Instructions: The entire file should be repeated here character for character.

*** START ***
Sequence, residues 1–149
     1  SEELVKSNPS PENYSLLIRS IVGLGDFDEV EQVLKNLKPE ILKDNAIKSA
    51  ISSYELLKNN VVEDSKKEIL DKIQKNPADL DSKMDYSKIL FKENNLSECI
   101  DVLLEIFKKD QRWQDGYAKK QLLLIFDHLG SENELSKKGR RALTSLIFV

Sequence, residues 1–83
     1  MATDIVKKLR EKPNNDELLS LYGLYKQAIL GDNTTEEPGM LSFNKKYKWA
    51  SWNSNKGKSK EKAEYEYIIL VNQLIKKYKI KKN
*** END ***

Sequence, residues 1–149
     1  SEELVKSNPS PENYSLLIRS IVGLGDFDEV EQVLKNLKPE ILKDNAIKSA
    51  ISSYELLKNN VVEDSKKEIL DKIQKNPADL DSKMDYSKIL FKENNLSECI
   101  DVLLEIFKKD QRWQDGYAKK QLLLIFDHLG SENELSKKGR RALTSLIFV

Sequence, residues 1–83
     1  MATDIVKKLR EKPNNDELLS LYGLYKQAIL GDNTTEEPGM LSFNKKYKWA
    51  SWNSNKGKSK EKAEYEYIIL VNQLIKKYKI KKN